The Vision of Faith
This class handout is from Lent 2006, 2 lectionary year B rounds ago.
Bringing the texts together
Internalized Gospel: now God is so immanent God truly lives in the hearts of humans; as Christians we read this as a Jesus-text; we read is as God "pitching a tent," living and sojourning with God's people! But what could this "new covenant" have meant to God's covenant people before God's incarnation in Jesus? To the people with whom God already had covenanted several times? Implication of "heart" in the Ancient Near East?
Contrast the law written on human hearts with the law written on stone tablets? In both cases, what is the law's content? I will be their God..." Say more about this!
"...once made perfect..." kai teleiotheis... like the "perfect" Jesus tells us to be—whole, complete, a finished creation, achieving the humanness in which God created us to live, being ourselves in the same way God cannot be other than God.
God calls, designates Jesus high priest/mediator! God calls us - how? Christians affirm "The priesthood of all believers": each of us is baptized priest, prophet and sovereign. But how does each of us discern God's particular call to us at any particular moment? How is God's call to us part of God's covenant with us? God's call to be our whole, true, fulfilled selves in Christ?
Jesus dies on the scandal of a tree and the tree of death - the cross - paradoxically becomes the tree of life. Jesus promises to draw all to himself—the cross and empty tomb finish the redemption of all creation. In a reference back to the healing snake lifted up in the Exodus wilderness, last week's John pericope was about Jesus lifted up.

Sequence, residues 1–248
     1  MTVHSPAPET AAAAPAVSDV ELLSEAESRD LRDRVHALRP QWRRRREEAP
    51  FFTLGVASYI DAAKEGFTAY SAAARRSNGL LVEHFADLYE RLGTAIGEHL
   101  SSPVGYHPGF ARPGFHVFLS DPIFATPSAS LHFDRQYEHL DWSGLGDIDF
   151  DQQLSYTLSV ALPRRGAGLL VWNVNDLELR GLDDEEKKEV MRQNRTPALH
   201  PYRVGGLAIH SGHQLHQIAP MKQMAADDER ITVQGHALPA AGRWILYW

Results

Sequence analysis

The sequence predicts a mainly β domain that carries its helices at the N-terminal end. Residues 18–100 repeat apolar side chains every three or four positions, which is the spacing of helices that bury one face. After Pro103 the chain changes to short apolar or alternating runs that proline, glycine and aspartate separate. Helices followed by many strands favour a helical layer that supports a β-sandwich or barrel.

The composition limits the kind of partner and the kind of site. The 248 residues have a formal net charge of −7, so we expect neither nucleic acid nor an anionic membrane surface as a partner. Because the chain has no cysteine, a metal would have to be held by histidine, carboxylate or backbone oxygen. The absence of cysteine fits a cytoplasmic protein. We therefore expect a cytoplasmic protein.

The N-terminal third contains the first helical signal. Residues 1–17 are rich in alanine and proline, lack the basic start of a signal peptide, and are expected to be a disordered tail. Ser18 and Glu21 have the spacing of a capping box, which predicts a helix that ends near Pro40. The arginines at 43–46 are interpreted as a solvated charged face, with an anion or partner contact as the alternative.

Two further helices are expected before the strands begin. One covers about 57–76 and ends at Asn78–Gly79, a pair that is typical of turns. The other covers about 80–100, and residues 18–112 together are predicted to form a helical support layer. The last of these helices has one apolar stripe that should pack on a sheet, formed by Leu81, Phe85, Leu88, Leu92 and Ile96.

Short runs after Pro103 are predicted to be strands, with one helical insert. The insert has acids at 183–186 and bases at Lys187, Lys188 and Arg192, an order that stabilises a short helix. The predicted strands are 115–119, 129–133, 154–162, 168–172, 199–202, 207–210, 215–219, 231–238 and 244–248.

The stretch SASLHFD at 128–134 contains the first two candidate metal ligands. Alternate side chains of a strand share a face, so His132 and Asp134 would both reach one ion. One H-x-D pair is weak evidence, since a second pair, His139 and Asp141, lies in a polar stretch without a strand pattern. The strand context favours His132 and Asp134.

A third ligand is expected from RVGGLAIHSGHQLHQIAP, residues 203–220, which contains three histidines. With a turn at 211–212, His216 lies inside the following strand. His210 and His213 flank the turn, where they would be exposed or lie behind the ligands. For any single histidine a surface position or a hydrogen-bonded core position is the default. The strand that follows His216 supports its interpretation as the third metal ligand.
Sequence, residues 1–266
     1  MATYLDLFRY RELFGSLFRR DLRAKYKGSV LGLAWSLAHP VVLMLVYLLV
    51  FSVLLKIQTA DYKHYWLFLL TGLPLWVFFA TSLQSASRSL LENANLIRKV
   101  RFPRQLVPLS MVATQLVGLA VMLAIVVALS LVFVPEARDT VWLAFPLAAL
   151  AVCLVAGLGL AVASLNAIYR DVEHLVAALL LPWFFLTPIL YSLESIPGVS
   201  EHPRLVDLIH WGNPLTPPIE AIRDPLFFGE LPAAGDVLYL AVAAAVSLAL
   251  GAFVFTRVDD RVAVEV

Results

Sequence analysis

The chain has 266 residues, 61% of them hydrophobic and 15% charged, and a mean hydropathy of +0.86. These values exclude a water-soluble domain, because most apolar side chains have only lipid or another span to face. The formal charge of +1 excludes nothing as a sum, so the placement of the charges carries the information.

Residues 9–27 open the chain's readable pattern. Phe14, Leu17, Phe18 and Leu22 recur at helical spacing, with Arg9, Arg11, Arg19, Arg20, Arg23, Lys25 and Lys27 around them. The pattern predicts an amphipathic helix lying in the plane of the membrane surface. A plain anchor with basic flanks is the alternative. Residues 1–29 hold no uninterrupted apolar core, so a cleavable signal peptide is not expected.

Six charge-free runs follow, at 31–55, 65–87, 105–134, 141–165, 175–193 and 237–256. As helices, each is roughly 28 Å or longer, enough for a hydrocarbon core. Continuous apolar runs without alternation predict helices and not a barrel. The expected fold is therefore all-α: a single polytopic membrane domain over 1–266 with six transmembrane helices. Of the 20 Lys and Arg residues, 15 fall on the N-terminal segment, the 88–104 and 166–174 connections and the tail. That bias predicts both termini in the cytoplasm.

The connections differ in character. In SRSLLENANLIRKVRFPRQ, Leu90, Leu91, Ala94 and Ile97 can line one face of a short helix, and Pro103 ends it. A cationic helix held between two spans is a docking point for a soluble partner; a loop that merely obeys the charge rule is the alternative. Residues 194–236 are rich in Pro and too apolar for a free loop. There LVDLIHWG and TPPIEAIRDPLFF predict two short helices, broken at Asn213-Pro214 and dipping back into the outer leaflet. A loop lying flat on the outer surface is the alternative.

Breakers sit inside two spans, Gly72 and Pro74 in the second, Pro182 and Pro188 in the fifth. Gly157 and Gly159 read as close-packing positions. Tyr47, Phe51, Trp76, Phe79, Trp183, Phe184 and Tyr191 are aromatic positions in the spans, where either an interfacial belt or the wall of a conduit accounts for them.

We see the Glory of God as we "see Jesus," the Human One, lifted up on the cross. We see the fulness of the glory of the Presence of God in the weakness, vulnerability and defenselessness of Jesus dying on the cross. Paul determined to preach only Christ crucified, to preach only the crucified Human One lifted up in glory on the cross. Why?
"...now the prince of this world will be driven out," marking the end of the contral and worship and the tyrannical supremacy of the cosmic Power and Principalities Deutero-Paul writes about in Colossians and Ephesians.
By destroying the evidence of our sins, God also has "disarmed the principalities and powers" and driven out "the prince of this world," since sin no longer can accuse those who have been forgiven. Since in Christ God "remembers our sin no more," just as God promised through Jeremiah, we can be whole persons, because Christ has provided total redemption and forgiveness. In Christ each of us has been "made perfect!"